secured him his professorship.
Edgar Allen Poe once accused
Longfellow of plagiarism.
Knew 10 languages
Suffered a suicidal depression after
the death of his first wife.
His Bowdoin classmate, Nathaniel
Hawthorne, was a life-long friend.
A great influence on artistic and
popular culture, Longfellow had
everything from schools to cigars to
board games named after him.
RIDE ON
 Journal
#5 (150 word
minimum)
 We live in a world
obsessed with
celebrities: much as
Longfellow’s world
was, except in his
time, writers and
revolutionaries
“Paul Revere's Ride”
by Henry Wadsworth Longfellow
Background Information
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One of Longfellow’s most famous
poems
Made Paul Revere, a relatively minor
figure from the Revolutionary War, a
national hero
Paul Revere was a blacksmith and
devoted patriot who was a part of the
Boston Tea Party and later, The Boston
Massacre, which he in part created
Had 8 children with his first wife and 8
more with his second
Served with the poet's maternal
grandfather, Peleg Wadsworth, in the
failed Penobscot expedition.
The basic premise of the poem is
historically accurate, but Revere’s
“Paul Revere's Ride”
by Henry Wadsworth Longfellow
Background Information
Longfellow's
intention was
not to write a
history; it was
to create a
national hero
and he was
successful at
doing so
 Paul Revere
served as a
symbol of our
nation’s noble
past
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Joseph Campbell’s
“Stages of the Hero”
 The
Call to
Adventure: The
Hero begins the
adventure in some
way or another
 Options:
A) Lured
B) Forced
Joseph Campbell’s
“Stages of the Hero”
Tests/Obstacles to
Overcome: The Hero must go
through a series of tests,
ordeals, or obstacles
during the adventure.
 Options:
A) Monster/Enemy Battle
B) Rescue
C) Journey of Peril
D) Puzzle/Riddle
E) Death/Descent into
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Joseph Campbell’s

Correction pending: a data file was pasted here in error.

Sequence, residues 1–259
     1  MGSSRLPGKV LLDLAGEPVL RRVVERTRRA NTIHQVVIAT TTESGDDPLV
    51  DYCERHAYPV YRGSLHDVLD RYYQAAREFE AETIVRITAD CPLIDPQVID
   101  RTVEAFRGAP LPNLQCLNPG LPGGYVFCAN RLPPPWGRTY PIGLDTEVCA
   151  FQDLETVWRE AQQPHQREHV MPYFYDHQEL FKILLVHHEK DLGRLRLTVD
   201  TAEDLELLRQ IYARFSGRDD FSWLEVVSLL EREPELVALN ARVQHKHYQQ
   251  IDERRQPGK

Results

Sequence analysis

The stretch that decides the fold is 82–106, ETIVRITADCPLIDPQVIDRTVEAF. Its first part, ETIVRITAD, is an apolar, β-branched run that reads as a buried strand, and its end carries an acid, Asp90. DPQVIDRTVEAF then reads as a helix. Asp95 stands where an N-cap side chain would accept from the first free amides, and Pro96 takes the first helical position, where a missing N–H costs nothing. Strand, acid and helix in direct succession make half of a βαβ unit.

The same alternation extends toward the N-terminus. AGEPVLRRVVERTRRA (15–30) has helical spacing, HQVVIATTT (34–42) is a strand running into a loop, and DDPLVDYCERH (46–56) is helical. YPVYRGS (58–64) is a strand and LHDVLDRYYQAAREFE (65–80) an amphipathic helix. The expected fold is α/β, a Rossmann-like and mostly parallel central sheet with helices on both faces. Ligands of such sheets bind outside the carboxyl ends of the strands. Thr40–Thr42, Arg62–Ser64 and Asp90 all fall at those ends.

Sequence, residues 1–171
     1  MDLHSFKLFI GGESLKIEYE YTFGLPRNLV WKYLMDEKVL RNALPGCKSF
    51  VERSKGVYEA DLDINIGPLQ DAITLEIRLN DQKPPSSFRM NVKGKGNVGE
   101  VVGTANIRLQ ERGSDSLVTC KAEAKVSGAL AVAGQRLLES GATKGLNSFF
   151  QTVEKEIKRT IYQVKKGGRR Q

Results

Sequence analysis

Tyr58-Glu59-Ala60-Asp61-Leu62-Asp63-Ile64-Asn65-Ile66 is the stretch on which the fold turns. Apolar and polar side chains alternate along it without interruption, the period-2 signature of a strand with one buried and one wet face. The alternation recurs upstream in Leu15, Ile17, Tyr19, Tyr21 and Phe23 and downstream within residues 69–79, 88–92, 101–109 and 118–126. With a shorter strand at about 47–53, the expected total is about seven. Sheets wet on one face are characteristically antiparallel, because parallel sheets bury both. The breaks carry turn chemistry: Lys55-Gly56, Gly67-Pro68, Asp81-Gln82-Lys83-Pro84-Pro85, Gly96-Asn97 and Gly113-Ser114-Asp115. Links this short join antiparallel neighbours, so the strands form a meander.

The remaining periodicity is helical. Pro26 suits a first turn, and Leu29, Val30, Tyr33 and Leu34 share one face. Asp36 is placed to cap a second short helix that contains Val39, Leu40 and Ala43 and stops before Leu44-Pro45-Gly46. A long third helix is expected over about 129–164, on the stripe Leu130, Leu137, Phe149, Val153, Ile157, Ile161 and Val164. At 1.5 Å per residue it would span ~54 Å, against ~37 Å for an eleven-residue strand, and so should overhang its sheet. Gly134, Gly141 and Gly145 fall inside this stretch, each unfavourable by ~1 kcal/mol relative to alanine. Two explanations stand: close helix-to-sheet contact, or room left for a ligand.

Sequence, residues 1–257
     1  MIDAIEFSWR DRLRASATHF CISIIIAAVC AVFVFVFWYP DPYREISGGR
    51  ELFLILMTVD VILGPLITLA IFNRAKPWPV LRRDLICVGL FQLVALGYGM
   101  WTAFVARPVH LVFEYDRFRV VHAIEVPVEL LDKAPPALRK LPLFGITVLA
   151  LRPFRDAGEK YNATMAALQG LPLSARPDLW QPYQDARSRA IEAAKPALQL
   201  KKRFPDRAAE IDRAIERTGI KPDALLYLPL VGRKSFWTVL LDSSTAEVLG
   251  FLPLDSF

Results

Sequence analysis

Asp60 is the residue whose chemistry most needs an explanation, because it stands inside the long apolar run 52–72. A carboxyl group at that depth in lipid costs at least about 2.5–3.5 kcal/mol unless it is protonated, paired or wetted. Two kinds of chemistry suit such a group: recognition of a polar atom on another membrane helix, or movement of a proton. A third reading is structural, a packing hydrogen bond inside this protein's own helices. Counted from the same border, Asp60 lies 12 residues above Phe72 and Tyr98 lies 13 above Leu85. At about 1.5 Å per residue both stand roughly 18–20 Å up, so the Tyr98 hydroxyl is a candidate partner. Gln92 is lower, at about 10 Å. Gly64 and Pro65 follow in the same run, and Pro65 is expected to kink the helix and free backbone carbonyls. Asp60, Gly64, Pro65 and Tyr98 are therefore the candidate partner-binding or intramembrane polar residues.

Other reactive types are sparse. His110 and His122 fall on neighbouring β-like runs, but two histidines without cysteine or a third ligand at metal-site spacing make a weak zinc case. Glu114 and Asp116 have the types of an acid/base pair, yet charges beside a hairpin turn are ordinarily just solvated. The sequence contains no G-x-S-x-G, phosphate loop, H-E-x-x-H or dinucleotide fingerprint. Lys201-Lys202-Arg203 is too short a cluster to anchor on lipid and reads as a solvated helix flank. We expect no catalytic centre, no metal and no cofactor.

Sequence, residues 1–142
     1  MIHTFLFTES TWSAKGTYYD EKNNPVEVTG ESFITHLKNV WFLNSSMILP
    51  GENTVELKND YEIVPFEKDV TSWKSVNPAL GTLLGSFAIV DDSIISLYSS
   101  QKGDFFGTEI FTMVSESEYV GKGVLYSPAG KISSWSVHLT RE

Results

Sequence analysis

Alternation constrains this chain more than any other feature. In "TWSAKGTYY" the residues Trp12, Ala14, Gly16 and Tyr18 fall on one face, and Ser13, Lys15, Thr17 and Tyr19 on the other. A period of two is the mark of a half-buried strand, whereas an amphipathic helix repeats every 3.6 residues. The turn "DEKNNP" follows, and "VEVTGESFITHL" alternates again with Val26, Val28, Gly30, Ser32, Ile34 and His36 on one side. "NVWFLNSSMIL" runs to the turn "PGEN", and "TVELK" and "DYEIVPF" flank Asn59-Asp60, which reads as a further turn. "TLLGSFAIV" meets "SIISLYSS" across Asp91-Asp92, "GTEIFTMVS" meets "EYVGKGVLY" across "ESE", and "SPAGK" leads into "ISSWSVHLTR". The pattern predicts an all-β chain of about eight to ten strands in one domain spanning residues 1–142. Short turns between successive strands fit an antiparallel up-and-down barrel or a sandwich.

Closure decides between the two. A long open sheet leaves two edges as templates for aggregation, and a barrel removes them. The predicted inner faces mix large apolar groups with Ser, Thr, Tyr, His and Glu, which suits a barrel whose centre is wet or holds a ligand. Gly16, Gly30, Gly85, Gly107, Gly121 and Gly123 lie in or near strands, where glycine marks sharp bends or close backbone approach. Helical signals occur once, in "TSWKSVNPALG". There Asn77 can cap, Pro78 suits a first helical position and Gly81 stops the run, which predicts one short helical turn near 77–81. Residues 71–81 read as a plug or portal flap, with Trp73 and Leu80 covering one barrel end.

“Stages of the Hero”
The Return/Reward: The
last part is a return home
or a re-emergence into the
living world by the hero.
The hero usually gains a
reward of some type either
before returning or upon
his return.
 Options (The Return):
A) Fleeing opposing Forces
B) Safe return in which
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Joseph Campbell’s
“Stages of the Hero”
Options (Reward):
A) Elixir
B) Medal
C) Treasure
D) Artifact
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Please note that this is
the hero’s journey in
its most primitive form.
Annotating
Poetry
1. Read the title. What
meanings does it hold?
What can we predict the
poem will be about?
2. Identify the narrative
voice and point of view the
poem is told from. Write it
at the top of the page.
3. Read the poem once
through for general
comprehension. Identify
the rhyme scheme and
Annotating
Poetry
5. Read the poem
through again.
Underline any
metaphors or similes
along the way.
Briefly explain them
underneath the
text.
6. Read the poem
Annotating
Poetry
7. Read the poem through
once again, commenting
on any lines that reveal
the tone of the poem in
the left hand margin.
8. Read the poem through
once again. Identify any
assonance or
consonance along the
way, underlining the
Annotating
Poetry
10. Read the poem again and
highlight any repeated
words. Explain why you
believe the author uses
this repetition at the end
of the poem.
11. Read the poem again.
Identify and explain any
symbols you believe
function within the poem.
This may be explained
during or after reading